One of the country’s largest hospitals is having to “exchange” trolleys with other wards to keep up with emergency department demand and is moving some patients to areas where they will not be counted, it has been claimed.
Staff at Cork University Hospital have claimed these measures are being taken as a direct result of chronic problems in the wider health service, budget cuts, and staff shortages.
Speaking under condition of anonymity after 57 people were on trolleys on Tuesday, individuals claimed that, on some days, CUH’s emergency department does not have enough trolleys to cope with demand.
While the situation yesterday lessened to 29 and 329 nationally from a five-month high of 443, sources said that, when overcrowding is particularly bad, trolleys are borrowed from unused theatres and the hospital’s angiogram unit. One member of staff said this happened “on a regular basis” and, on occasion, patients have been asked to give up trolleys for others in greater need.
In addition, while the Irish Nurses and Midwives’ Organisation trolley count figures may be high, it is claimed the real figure is worse.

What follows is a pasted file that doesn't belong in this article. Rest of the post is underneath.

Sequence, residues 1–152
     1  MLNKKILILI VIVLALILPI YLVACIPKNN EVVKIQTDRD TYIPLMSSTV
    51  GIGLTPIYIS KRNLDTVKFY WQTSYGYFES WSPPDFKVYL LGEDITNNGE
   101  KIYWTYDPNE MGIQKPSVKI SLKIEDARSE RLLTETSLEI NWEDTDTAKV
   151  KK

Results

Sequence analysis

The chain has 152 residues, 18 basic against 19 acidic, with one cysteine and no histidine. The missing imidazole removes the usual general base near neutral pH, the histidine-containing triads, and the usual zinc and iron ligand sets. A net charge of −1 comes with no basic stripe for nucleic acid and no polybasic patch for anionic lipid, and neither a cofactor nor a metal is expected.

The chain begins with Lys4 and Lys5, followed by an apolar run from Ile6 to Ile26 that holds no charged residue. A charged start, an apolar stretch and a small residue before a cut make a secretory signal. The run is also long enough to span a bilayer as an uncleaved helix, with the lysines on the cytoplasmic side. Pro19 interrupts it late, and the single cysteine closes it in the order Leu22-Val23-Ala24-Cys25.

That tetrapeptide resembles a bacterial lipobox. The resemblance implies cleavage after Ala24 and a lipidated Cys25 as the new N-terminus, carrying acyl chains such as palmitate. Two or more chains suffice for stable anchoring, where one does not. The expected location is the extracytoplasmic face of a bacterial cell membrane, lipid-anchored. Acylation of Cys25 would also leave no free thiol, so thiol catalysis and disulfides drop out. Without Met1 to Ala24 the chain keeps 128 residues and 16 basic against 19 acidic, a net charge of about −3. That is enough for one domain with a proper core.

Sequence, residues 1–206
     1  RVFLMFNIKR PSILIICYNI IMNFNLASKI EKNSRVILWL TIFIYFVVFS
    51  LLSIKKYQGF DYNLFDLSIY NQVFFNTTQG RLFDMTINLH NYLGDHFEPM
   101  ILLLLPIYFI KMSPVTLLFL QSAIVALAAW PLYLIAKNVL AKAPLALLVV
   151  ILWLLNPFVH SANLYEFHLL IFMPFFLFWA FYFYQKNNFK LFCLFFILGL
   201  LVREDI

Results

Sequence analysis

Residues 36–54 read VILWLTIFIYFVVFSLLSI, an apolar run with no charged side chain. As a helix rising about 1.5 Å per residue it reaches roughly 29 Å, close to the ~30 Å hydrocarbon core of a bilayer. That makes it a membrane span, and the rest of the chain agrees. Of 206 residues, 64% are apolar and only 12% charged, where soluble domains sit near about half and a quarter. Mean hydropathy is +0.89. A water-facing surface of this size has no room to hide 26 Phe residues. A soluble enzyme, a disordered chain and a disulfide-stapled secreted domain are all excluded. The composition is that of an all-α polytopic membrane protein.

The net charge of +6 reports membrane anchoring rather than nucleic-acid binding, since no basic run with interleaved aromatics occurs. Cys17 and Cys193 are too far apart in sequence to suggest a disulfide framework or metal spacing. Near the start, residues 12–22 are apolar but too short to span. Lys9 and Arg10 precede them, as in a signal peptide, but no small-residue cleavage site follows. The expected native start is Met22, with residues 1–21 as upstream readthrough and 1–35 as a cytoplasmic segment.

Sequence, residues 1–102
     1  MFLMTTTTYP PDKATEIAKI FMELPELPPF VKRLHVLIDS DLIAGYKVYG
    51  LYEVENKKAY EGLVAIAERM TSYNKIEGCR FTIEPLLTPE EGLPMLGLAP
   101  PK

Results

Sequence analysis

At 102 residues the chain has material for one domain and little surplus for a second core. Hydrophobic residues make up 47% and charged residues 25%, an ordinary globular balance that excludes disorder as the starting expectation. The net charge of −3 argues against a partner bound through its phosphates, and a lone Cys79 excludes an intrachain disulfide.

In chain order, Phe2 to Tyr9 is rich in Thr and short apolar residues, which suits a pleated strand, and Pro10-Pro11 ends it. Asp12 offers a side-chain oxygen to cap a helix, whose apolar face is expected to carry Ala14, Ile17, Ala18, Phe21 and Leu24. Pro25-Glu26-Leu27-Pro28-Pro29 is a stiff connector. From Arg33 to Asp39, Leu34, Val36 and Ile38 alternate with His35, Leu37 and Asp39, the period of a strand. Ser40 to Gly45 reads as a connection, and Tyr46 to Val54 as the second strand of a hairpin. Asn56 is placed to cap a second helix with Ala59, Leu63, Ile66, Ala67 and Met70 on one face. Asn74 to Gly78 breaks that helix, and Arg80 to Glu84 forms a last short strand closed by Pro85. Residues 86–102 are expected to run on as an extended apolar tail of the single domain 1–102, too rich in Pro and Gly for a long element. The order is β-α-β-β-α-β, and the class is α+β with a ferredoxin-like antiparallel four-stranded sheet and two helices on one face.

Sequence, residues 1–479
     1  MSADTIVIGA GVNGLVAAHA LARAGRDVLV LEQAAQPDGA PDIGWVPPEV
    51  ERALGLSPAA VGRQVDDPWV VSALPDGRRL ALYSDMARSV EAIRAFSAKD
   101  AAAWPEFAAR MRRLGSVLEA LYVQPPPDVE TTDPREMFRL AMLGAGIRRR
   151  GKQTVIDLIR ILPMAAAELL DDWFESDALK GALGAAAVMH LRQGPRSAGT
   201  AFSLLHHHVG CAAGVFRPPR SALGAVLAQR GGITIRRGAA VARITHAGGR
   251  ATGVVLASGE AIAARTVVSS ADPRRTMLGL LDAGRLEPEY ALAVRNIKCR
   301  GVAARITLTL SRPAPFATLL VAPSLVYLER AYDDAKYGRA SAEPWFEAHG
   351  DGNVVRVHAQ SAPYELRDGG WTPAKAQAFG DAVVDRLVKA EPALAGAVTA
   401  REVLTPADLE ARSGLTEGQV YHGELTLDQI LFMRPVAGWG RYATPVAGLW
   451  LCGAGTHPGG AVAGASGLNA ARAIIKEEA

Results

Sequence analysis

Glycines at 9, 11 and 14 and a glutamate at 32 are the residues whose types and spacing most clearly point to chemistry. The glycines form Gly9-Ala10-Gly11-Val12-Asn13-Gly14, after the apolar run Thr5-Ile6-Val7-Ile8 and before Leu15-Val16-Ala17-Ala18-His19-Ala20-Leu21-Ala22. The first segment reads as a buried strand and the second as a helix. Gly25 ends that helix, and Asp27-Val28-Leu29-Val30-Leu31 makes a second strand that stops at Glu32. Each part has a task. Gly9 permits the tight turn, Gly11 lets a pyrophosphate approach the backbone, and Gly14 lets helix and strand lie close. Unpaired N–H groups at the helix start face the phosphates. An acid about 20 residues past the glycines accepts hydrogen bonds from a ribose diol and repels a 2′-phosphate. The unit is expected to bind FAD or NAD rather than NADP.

Multiple sources have claimed this is because patients are moved at 7am, an hour before the count, to another ward. While they are given beds, these are not officially allocated. Individuals, who are normally released later that day, are then not considered part of the trolley count, which lowers the total figure.
A HSE spokeswoman said the trolley exchange between wards was “normal practice for an acute hospital”. She said while CUH had been “very busy over the past few days, all patients requiring to be moved to a trolley for review have been accommodated” and that patient care was “paramount” to managers.
She said the emergency department problems were because “a large cohort” of current patients needed “specialist inpatient admission”. However, she insisted patients moved to different wards “have been reviewed by clinicians following a decision to admit”.
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